Instead of awkwardly paying the driver, hoping they have change, or even debating the correct amount to tip, Uber and Lyft made paying easy by allowing all payments to take place through an online system from your cell phone. Customers have responded favorably to these slight technological adjustments. If you were not born with the skillset of a New York City taxi driver, that is OK because Uber and Lyft use non-professional drivers with registered cars. In fact, almost anyone can become a driver for each company. This is exactly the type of managerial strategy that W. Chan and Renee Mauborgne describe in their case study on Blue Market Strategy.
Wednesday, April 16, 2014
Blue Oceans Strategy in City Streets: Lyft and Uber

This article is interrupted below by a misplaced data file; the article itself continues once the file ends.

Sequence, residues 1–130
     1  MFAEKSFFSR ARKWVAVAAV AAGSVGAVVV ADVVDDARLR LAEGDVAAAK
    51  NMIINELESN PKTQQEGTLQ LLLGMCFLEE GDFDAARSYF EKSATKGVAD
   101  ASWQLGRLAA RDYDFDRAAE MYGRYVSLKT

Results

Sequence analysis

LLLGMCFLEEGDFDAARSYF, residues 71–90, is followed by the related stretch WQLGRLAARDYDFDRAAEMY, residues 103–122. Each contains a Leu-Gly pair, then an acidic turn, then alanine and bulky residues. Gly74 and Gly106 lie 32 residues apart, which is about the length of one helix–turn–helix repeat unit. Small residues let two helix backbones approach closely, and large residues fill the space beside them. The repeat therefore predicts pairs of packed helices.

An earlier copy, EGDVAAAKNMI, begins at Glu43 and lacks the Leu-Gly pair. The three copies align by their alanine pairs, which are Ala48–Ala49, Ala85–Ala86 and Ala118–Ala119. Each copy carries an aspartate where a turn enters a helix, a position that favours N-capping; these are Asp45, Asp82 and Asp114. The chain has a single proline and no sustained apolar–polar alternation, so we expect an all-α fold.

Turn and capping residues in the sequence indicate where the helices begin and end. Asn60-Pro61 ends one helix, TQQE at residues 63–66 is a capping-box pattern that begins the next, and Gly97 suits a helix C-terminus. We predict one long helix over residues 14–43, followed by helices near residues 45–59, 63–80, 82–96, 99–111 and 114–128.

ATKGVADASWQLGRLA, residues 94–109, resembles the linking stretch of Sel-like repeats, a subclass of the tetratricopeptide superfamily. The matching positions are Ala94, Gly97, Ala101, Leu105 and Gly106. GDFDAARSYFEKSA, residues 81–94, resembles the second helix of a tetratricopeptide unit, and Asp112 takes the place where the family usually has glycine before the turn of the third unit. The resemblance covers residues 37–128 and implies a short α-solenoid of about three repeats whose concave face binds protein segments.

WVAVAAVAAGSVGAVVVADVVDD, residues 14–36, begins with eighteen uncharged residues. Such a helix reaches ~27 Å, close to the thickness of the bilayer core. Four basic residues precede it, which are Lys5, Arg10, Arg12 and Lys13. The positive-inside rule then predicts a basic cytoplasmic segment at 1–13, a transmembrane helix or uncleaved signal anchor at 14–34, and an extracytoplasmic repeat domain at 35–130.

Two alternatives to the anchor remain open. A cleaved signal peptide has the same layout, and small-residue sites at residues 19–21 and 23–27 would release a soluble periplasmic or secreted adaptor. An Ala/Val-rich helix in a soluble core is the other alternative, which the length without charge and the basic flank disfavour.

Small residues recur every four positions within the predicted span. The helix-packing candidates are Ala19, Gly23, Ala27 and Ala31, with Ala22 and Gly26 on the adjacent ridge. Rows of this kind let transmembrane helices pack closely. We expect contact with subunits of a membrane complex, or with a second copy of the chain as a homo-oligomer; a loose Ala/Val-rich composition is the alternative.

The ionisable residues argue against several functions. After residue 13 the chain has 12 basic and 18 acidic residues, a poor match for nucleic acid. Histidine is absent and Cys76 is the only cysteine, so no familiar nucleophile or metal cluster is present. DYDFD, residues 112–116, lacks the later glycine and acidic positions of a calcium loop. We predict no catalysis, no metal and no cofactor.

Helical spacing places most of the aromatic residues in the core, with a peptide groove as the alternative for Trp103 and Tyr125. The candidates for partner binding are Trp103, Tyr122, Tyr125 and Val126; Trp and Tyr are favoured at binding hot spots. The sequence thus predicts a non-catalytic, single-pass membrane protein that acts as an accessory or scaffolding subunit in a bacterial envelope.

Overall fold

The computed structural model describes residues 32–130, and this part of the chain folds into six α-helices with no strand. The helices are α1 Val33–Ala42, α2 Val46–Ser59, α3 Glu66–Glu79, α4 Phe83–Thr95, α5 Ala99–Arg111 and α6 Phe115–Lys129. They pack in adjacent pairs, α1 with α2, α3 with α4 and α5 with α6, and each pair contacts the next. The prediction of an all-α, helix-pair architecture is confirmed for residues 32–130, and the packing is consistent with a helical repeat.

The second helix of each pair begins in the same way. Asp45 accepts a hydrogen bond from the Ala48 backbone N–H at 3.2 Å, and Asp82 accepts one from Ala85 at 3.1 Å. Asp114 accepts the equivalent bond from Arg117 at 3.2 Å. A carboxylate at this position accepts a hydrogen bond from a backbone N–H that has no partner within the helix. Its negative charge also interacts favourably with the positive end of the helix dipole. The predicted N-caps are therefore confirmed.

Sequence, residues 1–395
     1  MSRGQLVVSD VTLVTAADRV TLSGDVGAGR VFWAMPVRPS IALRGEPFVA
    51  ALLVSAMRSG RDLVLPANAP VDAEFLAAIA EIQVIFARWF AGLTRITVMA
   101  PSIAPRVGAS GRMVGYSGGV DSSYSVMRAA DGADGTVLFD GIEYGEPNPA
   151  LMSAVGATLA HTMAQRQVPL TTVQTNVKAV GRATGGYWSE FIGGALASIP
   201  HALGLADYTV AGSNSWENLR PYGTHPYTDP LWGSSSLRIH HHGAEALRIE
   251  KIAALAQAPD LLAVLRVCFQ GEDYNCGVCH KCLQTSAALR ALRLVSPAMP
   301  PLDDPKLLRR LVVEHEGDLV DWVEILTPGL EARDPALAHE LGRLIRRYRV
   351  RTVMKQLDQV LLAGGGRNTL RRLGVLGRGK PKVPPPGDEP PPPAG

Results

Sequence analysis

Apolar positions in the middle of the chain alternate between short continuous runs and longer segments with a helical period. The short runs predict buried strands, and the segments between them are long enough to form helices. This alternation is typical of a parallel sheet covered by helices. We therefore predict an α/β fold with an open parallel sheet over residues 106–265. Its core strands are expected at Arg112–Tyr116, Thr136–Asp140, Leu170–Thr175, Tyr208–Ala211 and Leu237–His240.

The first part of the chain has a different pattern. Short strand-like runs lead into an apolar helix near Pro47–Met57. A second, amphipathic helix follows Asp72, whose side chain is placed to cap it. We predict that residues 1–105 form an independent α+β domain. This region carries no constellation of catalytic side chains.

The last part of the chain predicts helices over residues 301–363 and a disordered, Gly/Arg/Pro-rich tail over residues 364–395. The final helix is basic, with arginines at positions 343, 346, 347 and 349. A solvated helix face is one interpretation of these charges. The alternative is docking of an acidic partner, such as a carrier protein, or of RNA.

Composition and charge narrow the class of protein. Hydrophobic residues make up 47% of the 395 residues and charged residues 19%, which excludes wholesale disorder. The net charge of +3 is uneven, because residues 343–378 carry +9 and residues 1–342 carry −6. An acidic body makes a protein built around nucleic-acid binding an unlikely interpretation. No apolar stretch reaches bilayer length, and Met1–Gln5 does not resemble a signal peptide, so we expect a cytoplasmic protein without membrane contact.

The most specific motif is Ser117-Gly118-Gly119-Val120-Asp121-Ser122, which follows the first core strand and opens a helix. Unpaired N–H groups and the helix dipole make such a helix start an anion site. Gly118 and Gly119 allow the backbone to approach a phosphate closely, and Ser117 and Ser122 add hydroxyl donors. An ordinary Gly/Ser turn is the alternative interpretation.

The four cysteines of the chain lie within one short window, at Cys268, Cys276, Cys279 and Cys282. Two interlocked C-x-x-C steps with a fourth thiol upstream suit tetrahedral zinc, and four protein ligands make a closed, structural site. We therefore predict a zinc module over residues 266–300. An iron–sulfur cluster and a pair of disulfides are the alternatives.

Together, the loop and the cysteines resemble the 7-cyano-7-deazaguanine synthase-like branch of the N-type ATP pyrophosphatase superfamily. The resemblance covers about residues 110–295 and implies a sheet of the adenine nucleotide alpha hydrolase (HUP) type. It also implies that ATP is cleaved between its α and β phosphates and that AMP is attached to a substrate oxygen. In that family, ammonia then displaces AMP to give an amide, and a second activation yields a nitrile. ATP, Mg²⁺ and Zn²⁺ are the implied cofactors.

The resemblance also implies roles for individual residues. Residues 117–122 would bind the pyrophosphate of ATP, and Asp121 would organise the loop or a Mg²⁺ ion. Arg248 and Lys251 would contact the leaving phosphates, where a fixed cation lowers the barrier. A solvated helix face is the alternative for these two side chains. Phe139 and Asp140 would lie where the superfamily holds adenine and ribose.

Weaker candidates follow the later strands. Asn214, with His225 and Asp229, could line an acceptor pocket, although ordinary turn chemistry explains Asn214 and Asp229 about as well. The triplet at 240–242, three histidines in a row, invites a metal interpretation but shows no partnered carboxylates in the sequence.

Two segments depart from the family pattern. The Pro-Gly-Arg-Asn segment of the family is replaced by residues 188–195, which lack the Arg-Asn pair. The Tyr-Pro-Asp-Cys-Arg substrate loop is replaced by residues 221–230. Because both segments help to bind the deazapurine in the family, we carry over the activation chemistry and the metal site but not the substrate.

Uber cab and Lyft taxi-style services have changed the way people in large cities are being transported. They have both found a way to leverage technology and service to change the way an entire market used to operate. What Uber Cab and Lyft have done is a classic definition of a Blue Ocean Strategy. The logic behind a Blue Ocean strategy isn't based solely on technology, but Uber Cab and Lyft have used existing cell phone and GPS technology to make their services more accessible. Through a cell phone GPS, the cab services can cut down on marginal costs by allowing the closest cab to the client to take the call. While Uber Cab did not completely invent a new market, they just fond a way to combine their market with existing technology of the day, something traditional cab services did not think to do.